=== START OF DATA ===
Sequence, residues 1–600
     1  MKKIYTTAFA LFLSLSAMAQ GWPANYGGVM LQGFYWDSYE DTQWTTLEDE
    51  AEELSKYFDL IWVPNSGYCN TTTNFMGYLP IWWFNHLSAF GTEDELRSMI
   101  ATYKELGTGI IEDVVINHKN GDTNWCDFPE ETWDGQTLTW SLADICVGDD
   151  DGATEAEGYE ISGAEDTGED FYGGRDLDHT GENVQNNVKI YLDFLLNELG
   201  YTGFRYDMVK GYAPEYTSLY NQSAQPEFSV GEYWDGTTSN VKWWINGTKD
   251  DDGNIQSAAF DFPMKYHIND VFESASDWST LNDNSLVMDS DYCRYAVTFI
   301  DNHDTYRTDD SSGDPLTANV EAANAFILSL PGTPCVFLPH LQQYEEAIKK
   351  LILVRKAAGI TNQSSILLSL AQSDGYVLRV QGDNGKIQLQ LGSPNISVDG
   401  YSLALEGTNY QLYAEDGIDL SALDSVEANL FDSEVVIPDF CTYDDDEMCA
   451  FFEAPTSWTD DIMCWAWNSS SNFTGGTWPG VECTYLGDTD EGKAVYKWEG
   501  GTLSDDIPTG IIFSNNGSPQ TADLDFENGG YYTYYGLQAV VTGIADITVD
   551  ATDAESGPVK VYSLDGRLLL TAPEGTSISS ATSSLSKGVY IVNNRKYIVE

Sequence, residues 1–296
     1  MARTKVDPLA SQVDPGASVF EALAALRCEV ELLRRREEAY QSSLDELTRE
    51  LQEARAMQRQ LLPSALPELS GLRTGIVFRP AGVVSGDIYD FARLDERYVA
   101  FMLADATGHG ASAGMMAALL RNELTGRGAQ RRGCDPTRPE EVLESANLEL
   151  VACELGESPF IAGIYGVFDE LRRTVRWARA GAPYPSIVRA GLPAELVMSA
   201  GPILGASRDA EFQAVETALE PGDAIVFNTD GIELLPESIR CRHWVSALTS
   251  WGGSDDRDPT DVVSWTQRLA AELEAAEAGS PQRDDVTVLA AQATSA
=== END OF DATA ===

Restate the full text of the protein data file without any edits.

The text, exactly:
Sequence, residues 1–600
     1  MKKIYTTAFA LFLSLSAMAQ GWPANYGGVM LQGFYWDSYE DTQWTTLEDE
    51  AEELSKYFDL IWVPNSGYCN TTTNFMGYLP IWWFNHLSAF GTEDELRSMI
   101  ATYKELGTGI IEDVVINHKN GDTNWCDFPE ETWDGQTLTW SLADICVGDD
   151  DGATEAEGYE ISGAEDTGED FYGGRDLDHT GENVQNNVKI YLDFLLNELG
   201  YTGFRYDMVK GYAPEYTSLY NQSAQPEFSV GEYWDGTTSN VKWWINGTKD
   251  DDGNIQSAAF DFPMKYHIND VFESASDWST LNDNSLVMDS DYCRYAVTFI
   301  DNHDTYRTDD SSGDPLTANV EAANAFILSL PGTPCVFLPH LQQYEEAIKK
   351  LILVRKAAGI TNQSSILLSL AQSDGYVLRV QGDNGKIQLQ LGSPNISVDG
   401  YSLALEGTNY QLYAEDGIDL SALDSVEANL FDSEVVIPDF CTYDDDEMCA
   451  FFEAPTSWTD DIMCWAWNSS SNFTGGTWPG VECTYLGDTD EGKAVYKWEG
   501  GTLSDDIPTG IIFSNNGSPQ TADLDFENGG YYTYYGLQAV VTGIADITVD
   551  ATDAESGPVK VYSLDGRLLL TAPEGTSISS ATSSLSKGVY IVNNRKYIVE

Sequence, residues 1–296
     1  MARTKVDPLA SQVDPGASVF EALAALRCEV ELLRRREEAY QSSLDELTRE
    51  LQEARAMQRQ LLPSALPELS GLRTGIVFRP AGVVSGDIYD FARLDERYVA
   101  FMLADATGHG ASAGMMAALL RNELTGRGAQ RRGCDPTRPE EVLESANLEL
   151  VACELGESPF IAGIYGVFDE LRRTVRWARA GAPYPSIVRA GLPAELVMSA
   201  GPILGASRDA EFQAVETALE PGDAIVFNTD GIELLPESIR CRHWVSALTS
   251  WGGSDDRDPT DVVSWTQRLA AELEAAEAGS PQRDDVTVLA AQATSA